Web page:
March 29, 2011
Preserving Park Pointe is a triumph for entire city
The momentous effort to preserve Park Pointe is complete.
Issaquah leaders and residents can celebrate after more than a decade of squabbling and maneuvering to stop hundreds of homes from rising on the land.
The transfer of development rights benefits the entire city.
Park Pointe, a majestically named parcel on Tiger Mountain near Issaquah High School, is forever preserved as public open space. So, too, is a 43-acre forest near Central Park in the Issaquah Highlands.
In exchange, homebuilders can construct up to 500 residences on 35 acres in the highlands. Despite the large figure, developers proposed far fewer homes for the site.
The deal protects land ill-suited for development and shifts construction to a site near roads and utilities.
In addition, the added residents to the highlands could help attract the retail businesses promised to neighborhood residents so long ago.
The deal is not perfect, but the benefits outshine the problems.
Indeed, the incentives attached to the exchange make the prospect of additional construction in the highlands easier to stomach.
Motorists should benefit from the construction of roads to alleviate congestion on traffic-clogged highlands streets. Countless hikers and mountain bikers can use trails and other recreation facilities promised in the agreement.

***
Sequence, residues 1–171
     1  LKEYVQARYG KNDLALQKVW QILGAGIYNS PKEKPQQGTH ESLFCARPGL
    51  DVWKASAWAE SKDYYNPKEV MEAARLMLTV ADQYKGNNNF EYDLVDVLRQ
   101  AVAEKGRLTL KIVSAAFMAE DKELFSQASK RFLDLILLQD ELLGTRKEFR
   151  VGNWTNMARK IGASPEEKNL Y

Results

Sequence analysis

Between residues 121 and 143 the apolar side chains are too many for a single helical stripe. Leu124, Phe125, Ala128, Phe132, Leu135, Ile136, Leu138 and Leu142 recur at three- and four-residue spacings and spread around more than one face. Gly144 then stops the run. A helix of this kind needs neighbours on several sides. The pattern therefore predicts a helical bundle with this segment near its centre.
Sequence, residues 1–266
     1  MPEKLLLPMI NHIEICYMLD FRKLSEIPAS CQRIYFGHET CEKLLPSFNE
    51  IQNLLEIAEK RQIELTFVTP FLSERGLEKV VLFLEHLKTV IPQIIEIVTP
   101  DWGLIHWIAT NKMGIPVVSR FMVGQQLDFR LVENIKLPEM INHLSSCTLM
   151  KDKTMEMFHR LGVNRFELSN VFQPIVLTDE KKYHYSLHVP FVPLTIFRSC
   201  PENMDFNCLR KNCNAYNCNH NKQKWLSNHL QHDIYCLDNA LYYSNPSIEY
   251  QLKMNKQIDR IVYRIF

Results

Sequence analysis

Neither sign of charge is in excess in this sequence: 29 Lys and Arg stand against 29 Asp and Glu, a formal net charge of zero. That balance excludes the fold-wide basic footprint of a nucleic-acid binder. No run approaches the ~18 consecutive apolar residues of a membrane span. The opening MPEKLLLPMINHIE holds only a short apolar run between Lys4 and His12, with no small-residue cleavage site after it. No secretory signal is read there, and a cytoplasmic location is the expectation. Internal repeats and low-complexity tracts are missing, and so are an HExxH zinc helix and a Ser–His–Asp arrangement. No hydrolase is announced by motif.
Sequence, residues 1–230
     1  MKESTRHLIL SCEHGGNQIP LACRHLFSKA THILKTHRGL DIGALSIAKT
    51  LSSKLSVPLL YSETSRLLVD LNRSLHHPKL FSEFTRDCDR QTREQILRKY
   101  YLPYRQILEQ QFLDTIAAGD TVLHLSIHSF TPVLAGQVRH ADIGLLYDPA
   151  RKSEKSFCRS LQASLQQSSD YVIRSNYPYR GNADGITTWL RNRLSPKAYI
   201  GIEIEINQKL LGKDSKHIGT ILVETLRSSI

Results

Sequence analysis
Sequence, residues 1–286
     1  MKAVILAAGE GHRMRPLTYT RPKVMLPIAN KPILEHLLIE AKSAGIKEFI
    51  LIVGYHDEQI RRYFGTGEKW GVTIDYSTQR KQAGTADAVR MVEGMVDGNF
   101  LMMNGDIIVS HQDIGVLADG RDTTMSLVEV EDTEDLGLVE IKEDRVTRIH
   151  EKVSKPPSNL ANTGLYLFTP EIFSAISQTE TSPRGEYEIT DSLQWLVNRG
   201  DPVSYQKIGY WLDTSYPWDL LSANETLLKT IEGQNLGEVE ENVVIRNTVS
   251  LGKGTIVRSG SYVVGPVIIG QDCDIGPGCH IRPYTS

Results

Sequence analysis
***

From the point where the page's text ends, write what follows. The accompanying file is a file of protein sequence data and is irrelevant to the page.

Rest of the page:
The entire community, most importantly, stands to benefit from the planned construction of a Bellevue College campus in Issaquah. The long-sought campus has the power to transform the community for the better.
Though many leaders — elected and unelected — and citizens deserve a share of the credit for preserving Park Pointe, former City Administrator Leon Kos merits special recognition.
Kos, alongside Mayor Ava Frisinger and point man Keith Niven, Major Development Review Team manager, steered the complex — and at times convoluted — agreement through difficult patches. Many times, the process seemed stalled or undoable, but the city did not waver in the face of seemingly insurmountable odds.
Sometimes, the opponents included Issaquah residents. City Council members and other city leaders held firm last year despite protests from highlands residents concerned about additional construction and skeptics doubtful of the city’s ability to pull off the deal.
Ironically, the recession helped seal the deal.
Park Pointe’s developer could not weather the tough economy, and the land headed into foreclosure. The downturn also dropped Park Pointe’s price from the stratosphere to a more attainable level, aiding the transfer of development rights.
Preserving Park Pointe marks a milestone for Issaquah, and all residents stand to reap the benefits of the deal in the years ahead.